It's time to tackle an issue that looms large in most organisations - a genuine 'elephant in the room' - the obsession with "reporting" that we see in almost every business we work with.
Why? To what end? What do your reports tell you? What action do you take, based on their content?
Can you honestly tell us that your 'weekly report pack' provides you with clear insights to your world?
If you can, then please respond to this post with a short summary - it would be great to hear from a business which can actually say "Yes, we get just the reports we need - not too many, nor too few - and we use the information in those reports to run the business". It just doesn't happen... and the blame is placed anywhere but the true cause (revealed later... read on...), with fingers pointed at:
- The IT team (the usual prime suspects) - 'they' provide the reports, so they must be the reason for report dissatisfaction
- The finance team - after all, they come up with most of the numbers, don't they?
- The reporting package - it just doesn't do what we need it to... if only it sent the reports to my iPhone / Blackberry / iPad / bin (delete as appropriate)
- The data - it's all wrong, and there's no consistent definition (... actually this is often a legitimate concern, and a good subject for a future post)
- Consultants - well, it's good to blame us, we were only there temporarily :)
The list of excuses/culprits/reasons for reporting dissatisfaction is long and ever-growing, but the root cause of the problem goes unnoticed. No-one ever challenges the 'reporting culture' - the idea that reading a few(?!) pages of numbers, and looking at a collection of multi-coloured (or multi-cross-hatched, if you're stuck with a black-and-white printer) Excel charts is somehow going to explain the subtleties of your business.
Everyone has bought the "if I measure it, then I can manage it" story (interestingly, Deming - to whom this is often attributed - never said it... indeed he railed against management by numbers alone), without asking themselves whether the story is valid, or even whether the reports they generate provide the measurements they believe they need!
The problem with reporting... is reporting itself. Pages of numbers, and isolated summary graphics, do not lead to insight, understanding and knowledge.
Visual analytics is anti-reporting - it strives to encourage people away from passive receipt of poorly understood numbers, and lead them towards interaction with the data; facts which can be examined from many different viewpoints, simultaneously if required, in order to arrive at genuine insights which can be communicated to colleagues and acted upon by all.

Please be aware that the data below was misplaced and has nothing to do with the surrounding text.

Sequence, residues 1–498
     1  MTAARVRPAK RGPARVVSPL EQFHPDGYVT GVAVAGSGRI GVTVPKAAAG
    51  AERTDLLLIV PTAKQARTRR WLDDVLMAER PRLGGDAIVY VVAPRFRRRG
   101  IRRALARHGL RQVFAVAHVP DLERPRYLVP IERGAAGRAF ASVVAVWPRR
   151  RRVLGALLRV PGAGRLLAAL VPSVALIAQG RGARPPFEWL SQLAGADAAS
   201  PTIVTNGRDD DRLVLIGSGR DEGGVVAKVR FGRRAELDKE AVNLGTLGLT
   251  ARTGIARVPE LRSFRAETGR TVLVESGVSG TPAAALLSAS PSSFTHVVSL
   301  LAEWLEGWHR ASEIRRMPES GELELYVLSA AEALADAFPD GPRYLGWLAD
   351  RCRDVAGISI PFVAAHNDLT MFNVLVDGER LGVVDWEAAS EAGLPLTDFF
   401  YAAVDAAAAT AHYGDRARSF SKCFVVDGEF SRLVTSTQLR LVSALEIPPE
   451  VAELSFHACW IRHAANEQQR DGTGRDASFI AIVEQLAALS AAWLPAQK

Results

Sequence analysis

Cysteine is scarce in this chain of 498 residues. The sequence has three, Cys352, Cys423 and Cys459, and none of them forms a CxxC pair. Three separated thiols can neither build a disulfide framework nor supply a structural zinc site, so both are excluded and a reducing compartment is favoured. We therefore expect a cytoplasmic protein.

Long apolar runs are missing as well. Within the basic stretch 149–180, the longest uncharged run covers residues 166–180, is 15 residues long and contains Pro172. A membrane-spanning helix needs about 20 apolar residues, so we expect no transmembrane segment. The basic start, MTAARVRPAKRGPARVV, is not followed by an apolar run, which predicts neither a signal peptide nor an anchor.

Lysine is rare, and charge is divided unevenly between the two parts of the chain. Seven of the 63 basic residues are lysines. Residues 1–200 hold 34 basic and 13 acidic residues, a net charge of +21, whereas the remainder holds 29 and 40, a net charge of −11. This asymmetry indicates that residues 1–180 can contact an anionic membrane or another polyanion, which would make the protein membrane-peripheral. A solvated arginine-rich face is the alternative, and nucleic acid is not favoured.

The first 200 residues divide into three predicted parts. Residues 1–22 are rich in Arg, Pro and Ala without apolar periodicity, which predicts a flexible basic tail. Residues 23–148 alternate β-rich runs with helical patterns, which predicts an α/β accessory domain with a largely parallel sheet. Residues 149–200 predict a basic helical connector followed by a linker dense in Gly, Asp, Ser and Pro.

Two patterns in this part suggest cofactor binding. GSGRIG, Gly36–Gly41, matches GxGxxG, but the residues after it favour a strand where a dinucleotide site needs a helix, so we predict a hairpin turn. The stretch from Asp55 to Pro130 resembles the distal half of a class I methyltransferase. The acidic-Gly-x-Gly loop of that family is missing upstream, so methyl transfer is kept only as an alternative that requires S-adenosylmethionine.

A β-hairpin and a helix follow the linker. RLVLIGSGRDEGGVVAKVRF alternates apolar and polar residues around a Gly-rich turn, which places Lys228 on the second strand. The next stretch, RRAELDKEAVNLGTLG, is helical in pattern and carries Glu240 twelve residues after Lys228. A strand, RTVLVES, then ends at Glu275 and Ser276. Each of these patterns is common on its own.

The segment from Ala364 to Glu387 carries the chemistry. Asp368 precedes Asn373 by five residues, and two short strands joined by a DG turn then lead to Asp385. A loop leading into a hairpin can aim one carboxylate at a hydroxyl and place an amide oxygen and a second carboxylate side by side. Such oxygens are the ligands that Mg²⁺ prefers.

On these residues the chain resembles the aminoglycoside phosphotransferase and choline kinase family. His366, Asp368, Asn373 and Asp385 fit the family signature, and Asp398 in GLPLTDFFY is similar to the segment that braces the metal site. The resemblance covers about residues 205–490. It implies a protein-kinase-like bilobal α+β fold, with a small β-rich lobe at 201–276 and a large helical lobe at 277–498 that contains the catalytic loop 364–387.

Yes, it's a lofty goal - and undoubtedly the same high-level objective claimed as the target for the 'reporting culture' - but it has far more going for it, with one notable challenge. Firstly, the positives:
- Interaction - engaging with data, manipulating it and exploring it in close-to-real-time is a rewarding experience which encourages individual question-and-answer sessions of the data itself
- Visualisation - moving away from discrete numbers, to multi-dimensional visual forms, brings the power of human visual perception to bear on the complex patterns that we seek in our business data
- Exploration - the amalgam of interactive visualisation delivers an environment where the genuinely interested can explore data at will, encouraging the 'analyst' to look behind the initial numbers and drive into the temporal, geographic, categoric etc. factors that suggest explanations for standard, and exceptional performance
- Absorption - exploring data, patterns and hypotheses at speed leads to a rapid, sponge-like absorption of information, leading to tested, evidence-based knowledge
The primary challenge faced, however, when introducing the visual analytics approach is finding 'analysts' who can think creatively - the most important skill required to make use of information. We have never yet found a correlation between job title / responsibility and analytical ability - even a significant proportion of the 'analysts' that we meet are really just repeating work that hasn't changed since the last strategy definition, and fail to articulate what the purpose of their analysis is.
The best of the people we train in visual analytics, and the tools we use, are truly excellent - they grasp the key concepts, and fundamentals of the tools, inside a day and are quickly engaging with their organisation's data and deriving fresh insights within a week or two. Unfortunately, they are the minority, and a great many data consumers struggle to articulate what they do with the data they receive today, or even what information they would like to access and explore in order to perform their jobs better.
Our solution? Break the 'reporting culture' and demand more of your people - one of our clients has made significant efforts to do just this, and the quality of the people that we engage with there is testament to the approach; almost all can think independently and creatively, and they all know what their purpose is, and what data they need to make informed decisions that result in action.
If you question the value of reports in your business, wonder how to gain a better understanding of key issues or opportunities, or simply disagree with everything we have said here, please comment and let us know - we would love to hear from you!